Was E meant to steer? What had the instructors said about steering? It was the person at the front, right? Why wasn’t E steering? Or maybe I was meant to steer? I had no idea. I was panicking. I didn’t even want to go on this camp, let alone on this stupid canoe!

I finally broke the silence: ‘How do we move?’

‘I don’t know, I don’t know…’ E muttered faintly. I could sense the barely concealed panic in her voice too.

How we got back to the small wooden jetty is a mystery to me. Did I offer my friend some heartfelt words of encouragement to paddle ourselves free? Almost certainly not. I never said anything useful back then.

For all our talking and time spent together, E and I never got through to each other when we needed to most–instead we just drifted like we did when we were on that lake at Year 5 camp.

Our silences became worse when we started high school. At different schools.

We were determined to stay in touch. Drop me a line, E. We never texted each other–we spoke too much to be confined to 160 characters. Instead, we sent each other lengthy emails. We met up when we could, visits lasting hours and hours. In each reunion we still had this chemistry, this ability to yarn ceaselessly with one another. But these visits became rarer, and the silences became noticeable the further we drifted apart.

There is no dramatic moment, no build-up of tension, no elegant scene I can describe here of my friendship with E straining, breaking, and becoming irreparable. E and I simply drifted apart. No more emails, no more visits.

A couple of years passed, and it felt like a lifetime. I had made it through the gruelling last years of high school and enrolled at university. I felt so much older, and I was now smart enough to realise I hadn’t really been as mature as I thought when I was eleven.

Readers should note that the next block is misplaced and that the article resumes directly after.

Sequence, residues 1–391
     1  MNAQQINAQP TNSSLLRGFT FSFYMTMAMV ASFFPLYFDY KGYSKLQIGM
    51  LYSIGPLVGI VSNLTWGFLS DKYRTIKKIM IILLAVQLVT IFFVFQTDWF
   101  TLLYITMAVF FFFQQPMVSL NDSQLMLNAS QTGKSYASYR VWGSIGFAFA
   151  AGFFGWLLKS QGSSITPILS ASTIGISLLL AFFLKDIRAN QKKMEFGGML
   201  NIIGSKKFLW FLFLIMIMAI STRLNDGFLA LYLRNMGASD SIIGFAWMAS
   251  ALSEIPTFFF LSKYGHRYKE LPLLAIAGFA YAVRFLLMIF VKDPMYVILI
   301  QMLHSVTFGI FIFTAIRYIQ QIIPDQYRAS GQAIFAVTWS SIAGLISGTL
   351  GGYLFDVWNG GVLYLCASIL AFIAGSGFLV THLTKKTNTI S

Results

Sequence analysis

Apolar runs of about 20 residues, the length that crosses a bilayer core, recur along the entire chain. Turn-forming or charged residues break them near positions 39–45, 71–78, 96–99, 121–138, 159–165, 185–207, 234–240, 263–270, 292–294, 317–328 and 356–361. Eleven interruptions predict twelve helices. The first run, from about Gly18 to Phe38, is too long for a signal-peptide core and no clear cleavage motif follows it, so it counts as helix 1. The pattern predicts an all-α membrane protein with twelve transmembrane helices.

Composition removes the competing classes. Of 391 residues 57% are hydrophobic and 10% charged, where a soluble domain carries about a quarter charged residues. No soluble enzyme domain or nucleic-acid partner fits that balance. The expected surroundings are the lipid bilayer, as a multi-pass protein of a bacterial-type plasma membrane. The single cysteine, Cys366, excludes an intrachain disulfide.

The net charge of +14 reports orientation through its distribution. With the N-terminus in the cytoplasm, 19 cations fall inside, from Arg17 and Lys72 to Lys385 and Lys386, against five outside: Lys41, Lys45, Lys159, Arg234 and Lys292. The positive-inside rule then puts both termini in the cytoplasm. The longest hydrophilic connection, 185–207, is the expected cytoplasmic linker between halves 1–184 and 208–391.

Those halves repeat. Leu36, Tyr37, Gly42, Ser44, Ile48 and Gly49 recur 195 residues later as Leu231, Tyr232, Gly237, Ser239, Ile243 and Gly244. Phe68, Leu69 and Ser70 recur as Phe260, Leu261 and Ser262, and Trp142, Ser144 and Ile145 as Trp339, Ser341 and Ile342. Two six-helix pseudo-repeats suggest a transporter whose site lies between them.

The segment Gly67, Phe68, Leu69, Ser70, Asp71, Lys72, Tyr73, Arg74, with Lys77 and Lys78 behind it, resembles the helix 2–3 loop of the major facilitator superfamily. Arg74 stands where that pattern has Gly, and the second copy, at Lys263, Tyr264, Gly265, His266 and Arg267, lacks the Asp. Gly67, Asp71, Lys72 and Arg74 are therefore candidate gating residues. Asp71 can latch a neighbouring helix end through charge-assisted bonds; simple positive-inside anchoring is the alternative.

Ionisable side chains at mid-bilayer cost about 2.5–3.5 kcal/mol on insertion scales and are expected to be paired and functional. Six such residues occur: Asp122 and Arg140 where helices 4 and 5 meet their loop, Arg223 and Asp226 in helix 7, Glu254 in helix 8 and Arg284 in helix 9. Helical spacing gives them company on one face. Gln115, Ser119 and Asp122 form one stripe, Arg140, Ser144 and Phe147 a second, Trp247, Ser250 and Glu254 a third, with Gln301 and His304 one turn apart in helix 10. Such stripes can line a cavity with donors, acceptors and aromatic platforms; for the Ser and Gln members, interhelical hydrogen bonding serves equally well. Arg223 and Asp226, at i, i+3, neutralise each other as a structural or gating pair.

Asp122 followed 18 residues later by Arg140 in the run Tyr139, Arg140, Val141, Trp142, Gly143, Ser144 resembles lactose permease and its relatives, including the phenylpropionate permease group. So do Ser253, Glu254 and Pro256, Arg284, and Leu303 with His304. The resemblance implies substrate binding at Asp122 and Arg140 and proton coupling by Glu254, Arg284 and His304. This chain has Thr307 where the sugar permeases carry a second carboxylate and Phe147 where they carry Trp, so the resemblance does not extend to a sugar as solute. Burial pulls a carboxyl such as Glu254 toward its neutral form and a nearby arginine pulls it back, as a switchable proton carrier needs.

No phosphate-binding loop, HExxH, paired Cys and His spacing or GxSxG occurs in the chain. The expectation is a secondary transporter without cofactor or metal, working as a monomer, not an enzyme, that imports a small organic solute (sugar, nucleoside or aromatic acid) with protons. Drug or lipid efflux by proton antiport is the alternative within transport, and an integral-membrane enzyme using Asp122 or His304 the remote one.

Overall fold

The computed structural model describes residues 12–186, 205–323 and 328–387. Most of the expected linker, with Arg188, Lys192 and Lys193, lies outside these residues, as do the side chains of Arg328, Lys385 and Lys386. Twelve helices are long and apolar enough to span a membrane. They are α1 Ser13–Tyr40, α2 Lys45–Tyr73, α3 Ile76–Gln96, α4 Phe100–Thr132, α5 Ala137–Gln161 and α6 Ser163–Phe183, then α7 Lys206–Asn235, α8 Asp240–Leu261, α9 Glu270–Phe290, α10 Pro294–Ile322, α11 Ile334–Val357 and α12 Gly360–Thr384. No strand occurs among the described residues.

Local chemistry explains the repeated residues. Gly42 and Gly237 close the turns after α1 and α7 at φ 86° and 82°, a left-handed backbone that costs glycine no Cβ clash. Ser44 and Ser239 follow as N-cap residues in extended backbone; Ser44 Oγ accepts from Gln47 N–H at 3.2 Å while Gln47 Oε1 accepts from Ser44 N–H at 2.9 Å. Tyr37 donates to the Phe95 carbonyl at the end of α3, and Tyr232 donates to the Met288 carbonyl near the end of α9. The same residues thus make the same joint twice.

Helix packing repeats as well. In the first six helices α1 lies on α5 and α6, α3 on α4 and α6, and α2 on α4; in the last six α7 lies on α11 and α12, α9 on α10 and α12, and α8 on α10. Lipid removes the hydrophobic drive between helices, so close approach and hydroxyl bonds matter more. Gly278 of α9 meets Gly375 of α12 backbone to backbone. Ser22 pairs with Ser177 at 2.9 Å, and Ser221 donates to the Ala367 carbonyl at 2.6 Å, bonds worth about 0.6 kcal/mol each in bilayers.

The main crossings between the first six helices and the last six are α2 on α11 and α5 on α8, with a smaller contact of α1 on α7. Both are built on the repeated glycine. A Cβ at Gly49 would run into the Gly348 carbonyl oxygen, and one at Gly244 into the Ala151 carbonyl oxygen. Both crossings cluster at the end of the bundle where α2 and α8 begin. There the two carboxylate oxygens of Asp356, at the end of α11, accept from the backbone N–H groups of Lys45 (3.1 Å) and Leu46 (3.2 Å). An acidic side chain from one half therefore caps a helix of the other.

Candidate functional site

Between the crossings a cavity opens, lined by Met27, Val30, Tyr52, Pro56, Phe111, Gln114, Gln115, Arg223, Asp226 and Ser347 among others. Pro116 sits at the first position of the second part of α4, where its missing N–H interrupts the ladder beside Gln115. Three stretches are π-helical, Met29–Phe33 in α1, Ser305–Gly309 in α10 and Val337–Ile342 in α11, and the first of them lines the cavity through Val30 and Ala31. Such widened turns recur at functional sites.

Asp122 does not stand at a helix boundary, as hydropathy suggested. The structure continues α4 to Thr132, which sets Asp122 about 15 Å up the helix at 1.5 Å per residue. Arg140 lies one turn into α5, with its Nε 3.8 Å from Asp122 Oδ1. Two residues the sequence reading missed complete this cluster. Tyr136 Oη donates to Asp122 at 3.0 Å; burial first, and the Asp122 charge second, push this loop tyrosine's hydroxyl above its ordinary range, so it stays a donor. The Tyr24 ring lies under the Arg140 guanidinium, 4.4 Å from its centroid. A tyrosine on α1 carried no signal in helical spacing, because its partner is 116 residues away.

I was seventeen–almost eighteen–and I strode purposefully into my local post office with keys in my pocket. It made me almost feel like a real grown-up.

I saw her waiting in the line ahead of me. E. My old best friend, the one who I used to talk to more than anyone else, without really saying anything.

Well, I saw her mum first really–she’s the spitting image of her child with the exact same light hair. But next to her was undoubtedly E, even if it was difficult to tell–she was slightly hunched and wore a heavy black hoodie. As I watched her cautiously from behind, I noticed her hair was no longer light brown but dyed black. Her mum noticed me and made that pleasant chitchat people tend to do with old acquaintances: ‘How’s school? Are you going to uni? Have you got a job?’

I talked to E’s mum politely, and E stole a single glance at me from under her hoodie, her expression unreadable. It was surreal; a face I knew so well barely noticing my presence.

E and her mum finished at the post office. I felt bizarre. I had just seen my childhood best friend, the one who I would yap and yap and yap with for days at a time, and she had said… nothing to me. She’d barely even noticed me. I began to grieve for the friendship we had as children and mourned how people could drift so far apart.

The next day, I sent E an email. A short one. Just to say hi, I suppose. I was glad I still had it (I lost her number years ago, but we never got the hang of texting each other anyway). She responded a few days later and apologised for blanking me in the post office. It was nice, but our conversation lacked the old vigour we used to have. I got the feeling we both left a lot unspoken. I know I certainly did. We still didn’t speak about the things that mattered. Are you okay, E?

We stopped responding soon after that. And drifted away again.

I wonder if E and I will one day reconnect. I think I wouldn’t mind that. Will it be a chance encounter at the post office again? Or will she stumble across this memoir? Or maybe we will meet by chance at a lakeside, watch the sun sink into deep green water, and talk for hours and hours like we did in the old times, before we drifted apart.

Author: When Lilian isn’t studying, they are busy listening to old music, talking about old music or singing along (badly) to old music. In the brief time they have left over, they somehow manage to be on QUT’s Lit Salon team and get several pieces published in Glass mag. You can find them avoiding responsibility on insta @lilian.is.feelin.groovy or on their website https://lilianjmartin.wordpress.com/

Artist: Irene Liao is a visual art student from Taiwan who aims to present figurative human art through her watercolour pieces.

Editors: Brock Scholte and Fernanda Bustos Venegas